When Jesus came, he came to give hope and light to all who trust in him and turn from trusting in themselves and other things. He will come back again in brilliant light and glory and on that day, all our troubles will be gone. It’s during this time of Advent we are reminded that we, like Israel, live in a time of anticipation. We don’t wait for our Redeemer’s first coming. We wait—long, yearn, groan—for his second coming. Coldplay’s “Christmas Lights” is a longing for something deeper than a reconciled romance with Christmas “lights” as the object of faith. Whether Chris Martin realizes it or would admit it, It’s a desperate cry for reconciliation with the Redeemer, who is the Light of Christmas.

Here’s the music video of Coldplay’s “Christmas Lights.”

Categories
Ministry

Let there be Light! No, seriously, turn on the lights!

Corporate worship is the highlight of the weekly rhythm for Christians. It is the time when we gather together to exalt Jesus and renew our covenant with God. We are to do this in accord with the way he has revealed himself with his word.

Because of this, every aspect of corporate worship should be well-thought out. I think that evangelicals do a pretty good job, for the most part, in thinking through preaching, music, order of service, etc. when it comes to corporate worship. But what about the very non-essential matters? What about, say, how low we dim the lights?

I know what you are thinking: James, seriously? You are talking about light bulbs in church on your blog? Is this important in any sense of the word? This is worse than an argument about carpet patterns!

I would argue, yes, it is important. I would say, no, this is not worse than an argument about carpet. Paul said, “Let all things be done for building up” (1 Cor. 14:26). Of course, he was talking about our manner of speech in a church service. But don’t you think that “all things” can extend even to our use of electricity to communicate God’s redemption?

My personal experience can testify to the fact that most of the churches I’ve been to worship in the dark. Not spiritually. I’m talking literally. The light bulbs are nearly turned off. The Bible has nothing to say about halogens and fluorescents, so there’s no reason to be dogmatic here. But Scripture talks at length about the concept of “light,” and I think it can give guidance about how to handle the dimmer switch on a Sunday morning.

God is light and in him there is no darkness at all (1 John 1:5). Jesus came as the radiance of God’s glory (Heb. 1:2); he is the light of the world (John 8:12). God has shone into our hearts to give us the light of the knowledge of the glory of himself in the face of Jesus (2 Cor. 4:6). The New Jerusalem, our eternal home, will be a place where there is no darkness (Rev. 21:25). Christians are called to be the light of the world, reflecting their Savior (Matt. 5:14).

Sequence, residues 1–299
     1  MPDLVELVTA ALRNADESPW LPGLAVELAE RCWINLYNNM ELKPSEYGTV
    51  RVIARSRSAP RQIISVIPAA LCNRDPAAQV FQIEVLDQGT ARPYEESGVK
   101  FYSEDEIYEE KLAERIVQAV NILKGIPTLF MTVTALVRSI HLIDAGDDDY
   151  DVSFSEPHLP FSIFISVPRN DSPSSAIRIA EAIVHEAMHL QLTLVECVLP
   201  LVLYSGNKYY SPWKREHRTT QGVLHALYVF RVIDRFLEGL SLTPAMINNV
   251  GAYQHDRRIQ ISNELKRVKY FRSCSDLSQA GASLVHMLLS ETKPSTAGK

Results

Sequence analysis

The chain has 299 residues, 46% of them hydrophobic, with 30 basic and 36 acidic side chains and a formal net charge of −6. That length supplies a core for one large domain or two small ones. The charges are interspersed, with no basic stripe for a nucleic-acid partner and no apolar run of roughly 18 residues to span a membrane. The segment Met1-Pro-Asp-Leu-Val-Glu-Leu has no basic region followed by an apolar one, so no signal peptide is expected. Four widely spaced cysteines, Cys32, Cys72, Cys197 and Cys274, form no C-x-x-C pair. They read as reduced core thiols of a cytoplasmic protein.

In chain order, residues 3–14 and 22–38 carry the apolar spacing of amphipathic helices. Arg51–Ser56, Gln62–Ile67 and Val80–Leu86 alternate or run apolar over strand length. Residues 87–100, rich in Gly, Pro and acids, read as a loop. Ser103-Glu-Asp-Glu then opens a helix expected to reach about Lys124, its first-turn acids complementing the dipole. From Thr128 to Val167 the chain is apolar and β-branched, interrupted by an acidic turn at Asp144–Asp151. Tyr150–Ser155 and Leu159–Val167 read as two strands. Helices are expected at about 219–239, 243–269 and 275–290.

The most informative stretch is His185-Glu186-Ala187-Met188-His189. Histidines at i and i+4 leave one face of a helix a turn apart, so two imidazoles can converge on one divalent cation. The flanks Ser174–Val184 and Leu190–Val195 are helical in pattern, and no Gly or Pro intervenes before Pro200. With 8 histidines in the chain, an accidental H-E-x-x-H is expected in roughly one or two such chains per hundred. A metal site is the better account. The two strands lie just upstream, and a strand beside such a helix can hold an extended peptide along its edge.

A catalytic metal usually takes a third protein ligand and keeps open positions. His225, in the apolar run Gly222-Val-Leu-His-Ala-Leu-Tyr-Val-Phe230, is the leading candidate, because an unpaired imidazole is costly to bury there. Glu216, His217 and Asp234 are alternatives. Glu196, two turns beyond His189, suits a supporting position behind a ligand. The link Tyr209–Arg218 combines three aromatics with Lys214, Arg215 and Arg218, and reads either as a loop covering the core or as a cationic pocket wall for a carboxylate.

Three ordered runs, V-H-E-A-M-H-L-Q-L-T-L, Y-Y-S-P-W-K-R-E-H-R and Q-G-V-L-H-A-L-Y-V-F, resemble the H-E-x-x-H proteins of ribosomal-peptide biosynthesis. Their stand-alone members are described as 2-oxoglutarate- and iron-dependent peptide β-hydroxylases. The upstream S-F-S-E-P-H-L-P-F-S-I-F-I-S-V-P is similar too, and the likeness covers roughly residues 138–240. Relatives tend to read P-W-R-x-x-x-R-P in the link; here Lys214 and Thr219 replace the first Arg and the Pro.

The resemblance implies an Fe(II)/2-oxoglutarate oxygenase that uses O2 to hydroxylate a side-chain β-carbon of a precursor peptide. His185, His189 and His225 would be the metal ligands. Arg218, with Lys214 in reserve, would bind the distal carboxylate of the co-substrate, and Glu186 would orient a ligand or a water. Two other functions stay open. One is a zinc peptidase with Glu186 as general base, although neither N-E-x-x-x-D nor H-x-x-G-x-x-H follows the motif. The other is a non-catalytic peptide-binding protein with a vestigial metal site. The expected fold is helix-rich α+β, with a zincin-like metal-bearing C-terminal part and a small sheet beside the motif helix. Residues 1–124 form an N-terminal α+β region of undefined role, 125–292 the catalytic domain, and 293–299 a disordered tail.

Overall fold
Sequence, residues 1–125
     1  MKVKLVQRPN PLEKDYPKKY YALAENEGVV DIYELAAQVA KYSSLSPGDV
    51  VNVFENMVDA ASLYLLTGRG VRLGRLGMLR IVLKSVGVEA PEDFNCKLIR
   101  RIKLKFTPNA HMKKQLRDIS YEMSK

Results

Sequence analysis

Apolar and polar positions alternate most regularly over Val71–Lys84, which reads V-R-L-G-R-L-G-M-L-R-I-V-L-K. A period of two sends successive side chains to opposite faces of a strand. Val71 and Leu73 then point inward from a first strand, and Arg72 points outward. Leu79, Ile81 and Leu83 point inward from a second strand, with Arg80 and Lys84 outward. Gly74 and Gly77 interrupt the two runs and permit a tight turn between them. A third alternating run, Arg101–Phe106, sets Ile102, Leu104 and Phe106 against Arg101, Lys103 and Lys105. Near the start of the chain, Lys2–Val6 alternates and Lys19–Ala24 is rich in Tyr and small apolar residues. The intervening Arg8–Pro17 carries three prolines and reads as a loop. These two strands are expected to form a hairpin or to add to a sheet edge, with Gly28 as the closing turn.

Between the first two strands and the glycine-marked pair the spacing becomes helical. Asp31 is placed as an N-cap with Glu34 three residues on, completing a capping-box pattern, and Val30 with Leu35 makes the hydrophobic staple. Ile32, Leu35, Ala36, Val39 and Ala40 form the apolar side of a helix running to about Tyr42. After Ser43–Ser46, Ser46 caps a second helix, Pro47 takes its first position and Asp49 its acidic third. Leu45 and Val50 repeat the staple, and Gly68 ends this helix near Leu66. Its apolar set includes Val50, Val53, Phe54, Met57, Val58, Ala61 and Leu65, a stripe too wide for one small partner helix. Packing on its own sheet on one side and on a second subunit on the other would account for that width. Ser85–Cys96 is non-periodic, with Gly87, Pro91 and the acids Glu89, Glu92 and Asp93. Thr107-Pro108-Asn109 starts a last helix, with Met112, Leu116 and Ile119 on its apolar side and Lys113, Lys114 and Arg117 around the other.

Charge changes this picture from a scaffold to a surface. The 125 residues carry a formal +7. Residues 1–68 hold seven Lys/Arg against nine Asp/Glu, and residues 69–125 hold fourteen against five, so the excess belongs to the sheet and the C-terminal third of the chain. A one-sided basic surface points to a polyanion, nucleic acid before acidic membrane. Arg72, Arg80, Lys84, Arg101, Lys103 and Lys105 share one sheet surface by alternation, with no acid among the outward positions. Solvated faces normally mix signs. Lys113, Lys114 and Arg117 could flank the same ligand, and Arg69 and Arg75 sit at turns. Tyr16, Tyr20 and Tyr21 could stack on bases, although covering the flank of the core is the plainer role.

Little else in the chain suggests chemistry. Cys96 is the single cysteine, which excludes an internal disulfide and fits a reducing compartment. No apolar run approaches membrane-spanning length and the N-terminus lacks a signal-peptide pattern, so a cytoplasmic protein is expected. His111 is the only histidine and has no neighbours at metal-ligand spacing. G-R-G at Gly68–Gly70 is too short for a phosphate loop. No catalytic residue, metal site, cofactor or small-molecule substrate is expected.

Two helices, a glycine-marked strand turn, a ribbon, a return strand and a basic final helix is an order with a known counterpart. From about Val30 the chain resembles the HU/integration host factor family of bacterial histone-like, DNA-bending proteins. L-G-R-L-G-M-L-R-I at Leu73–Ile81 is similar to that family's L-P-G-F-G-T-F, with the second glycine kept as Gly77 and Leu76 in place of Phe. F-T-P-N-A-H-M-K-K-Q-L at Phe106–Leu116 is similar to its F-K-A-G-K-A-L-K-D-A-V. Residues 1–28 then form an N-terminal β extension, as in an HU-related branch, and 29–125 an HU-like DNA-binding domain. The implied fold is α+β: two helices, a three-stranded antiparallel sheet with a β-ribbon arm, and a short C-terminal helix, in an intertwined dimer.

Dimming the lights at church may get people “in the mood to worship.” It may get them “to focus on what’s going on up front.” But it sends implicit–though unintentional–messages. First, it sends the message that you can hide and not be seen. If the room is dark, we can slip into and out of the service without anyone noticing us. We may be able to fool others with our spiritual vitality, but God is light and he sees and exposes the hidden parts of our hearts. Light reminds us that our deeds will ultimately be exposed by the piercing light of God’s word (Heb. 4:12-13). No one is hidden and, eventually, your true heart allegiance will be found out. The church is a community of light: vulnerability, honesty, confession, forgiveness, and grace. Our worship environment should reflect this.

Second, a dark room also sends the message that church is a “personal time” with the Lord. You can literally not be noticed if the lights are so dim and you may forget there are people worshiping around you! Corporate worship is not personal time with God; it is a communal gathering with God’s people. When the blinds are open and the lights are turned up, we can (literally) see the people who worship around and with us. Physical light reminds us that if we walk in the light of God’s word, we have fellowship with one another and Jesus’ blood cleanses us from all sin (1 John 1:7). To walk in darkness means that we are not in the fellowship of the saints. Our worship environment should reflect this.

Finally, a dark room sends the message that church is simply a place to have a cool experience à la a concert. It’s dark, the spotlight is on the guy with the mic, and I can sit snug in my little corner of the sanctuary and not engage with others. It can communicate a “come and see” mentality rather than a “be filled and go” mentality. It communicates that the point is to be entertained, not prepared to be ambassadors of the King throughout the week. Physical light reminds us that we are a commissioned people who are the light of the world, a city set on a hill (Matt. 5:14). We are people of the light who are sent out to light up the dark, dingy places of the world. Our worship environment should reflect this.

Whether sunshine or incandescent, we can use light to remind ourselves and communicate to others very important Christian truths. I’m curious: what are your thoughts on lighting in the church? Does it matter? Why or why not?

Categories
Theology

Let Light Shine!

For God, who said, “Let light shine out of darkness,” has shone in our hearts to give the light of the knowledge of the glory of God in the face of Jesus Christ.” (2 Cor. 4:6)

1. God has given light.
2. Light to see what?
3. Knowledge.
4. What kind of knowledge?
5. Knowledge that reveals God’s glory.
6. Where is that glory seen most fully?
7. In the face of Jesus Christ.